Congress: Safety agency mishandled GM recall
Both houses of Congress scolded the U.S. highway safety agency Tuesday over its tardy handling of a deadly problem with General Motors cars, questioning whether it is competent to guarantee the safety of increasingly complex vehicles.
David Friedman, acting chief of the National Highway Traffic Safety Administration, repeatedly defended his agency during a Senate hearing as lawmakers accused him of failing to take responsibility for missing multiple clues that could have saved lives in the recall of GM small cars with faulty ignition switches.
Sen. Claire McCaskill, a Democrat, chastised Friedman, saying that consumers had to take it upon themselves to point out engine stalling problems with GM cars, and a Wisconsin state trooper investigating a fatal accident told NHTSA of trouble with defective GM ignitions. Yet for years, the agency took no action.
"Why can't you take responsibility?" she said. "You have got to take some responsibility that this isn't being handled correctly for the American driving public."
Sen. Richard Blumenthal, D-Connecticut, went even further, saying NHTSA failed to meet its obligations to protect people. "You are the face of that failure," he said.
The action came on a rough day for the beleaguered agency. On Tuesday morning, majority Republicans on the House Energy and Commerce Committee released a report saying NHTSA should have discovered GM's faulty ignition switches in 2007, seven years before the company recalled 2.6 million cars to fix the deadly problem. They also said the agency didn't understand how air bags worked, lacked accountability and failed to share information internally.
"As vehicle functions and safety systems become increasingly complex and interconnected, NHTSA needs to keep pace with these rapid advancements in technology," the report said. "As evidenced by the GM recall, this may be a greater challenge than even NHTSA understands."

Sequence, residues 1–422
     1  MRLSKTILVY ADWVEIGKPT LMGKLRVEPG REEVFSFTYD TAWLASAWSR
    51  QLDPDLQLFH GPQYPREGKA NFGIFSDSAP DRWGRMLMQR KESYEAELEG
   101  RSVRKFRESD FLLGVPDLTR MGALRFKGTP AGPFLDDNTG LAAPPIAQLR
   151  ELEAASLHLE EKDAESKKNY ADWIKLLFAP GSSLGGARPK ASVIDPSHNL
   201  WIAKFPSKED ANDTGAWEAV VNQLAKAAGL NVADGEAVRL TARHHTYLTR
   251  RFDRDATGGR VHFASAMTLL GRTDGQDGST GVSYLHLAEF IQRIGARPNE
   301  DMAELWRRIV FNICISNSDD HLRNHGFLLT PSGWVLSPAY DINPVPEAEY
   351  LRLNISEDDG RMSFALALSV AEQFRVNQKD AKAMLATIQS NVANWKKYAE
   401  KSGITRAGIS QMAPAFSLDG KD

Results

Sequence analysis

At least 19 people died in crashes caused by the faulty switches in GM small cars like the Chevrolet Cobalt. The company acknowledged knowing about the problem for at least a decade, but it didn't recall the cars until February. The delays left the problem on the roads, causing numerous crashes that resulted in deaths and injuries. Lawmakers have said they expect the death toll to rise to near 100.
NHTSA already has fined GM the maximum $35 million for failing to report information on the switches, but the committee found that many of the bureaucratic snafus that plagued GM also are present at NHTSA.
"While NHTSA now complains about GM's switch, it seems NHTSA was asleep at the switch too," Rep. Tim Murphy, a Republican, said in a statement.
Under questioning in the Senate, Friedman conceded that the agency needed to make improvements, including more aggressive follow-up on crashes that could have causes different from the agency's initial findings.
But he also said the auto industry has more information and people than NHTSA. The agency, he said, needs bigger fines to deter automakers from hiding safety problems, and it needs more staff and updated technology to track problems.
Friedman has been the agency's acting chief since December. Senators called on the White House to name a permanent chief of NHTSA, saying it will be hard for an interim chief to lead reforms.
Senators questioned why NHTSA didn't pursue consumer reports of GM cars stalling while moving. "For the ordinary consumer, a car stalling repeatedly on a highway or anywhere is a problem," said Sen. Richard Blumenthal, a Democrat.
Friedman responded that stalling is a serious safety problem. Elaborating to reporters later, he said past complaints about stalls where consumers could pull over the side of the road, restart the car and pull back into traffic were judged not to be an "unreasonable risk to safety."
Since the GM recalls, Friedman said he has met with 12 major automakers at the agency's headquarters to emphasize that there will be "zero tolerance" for withholding safety information.
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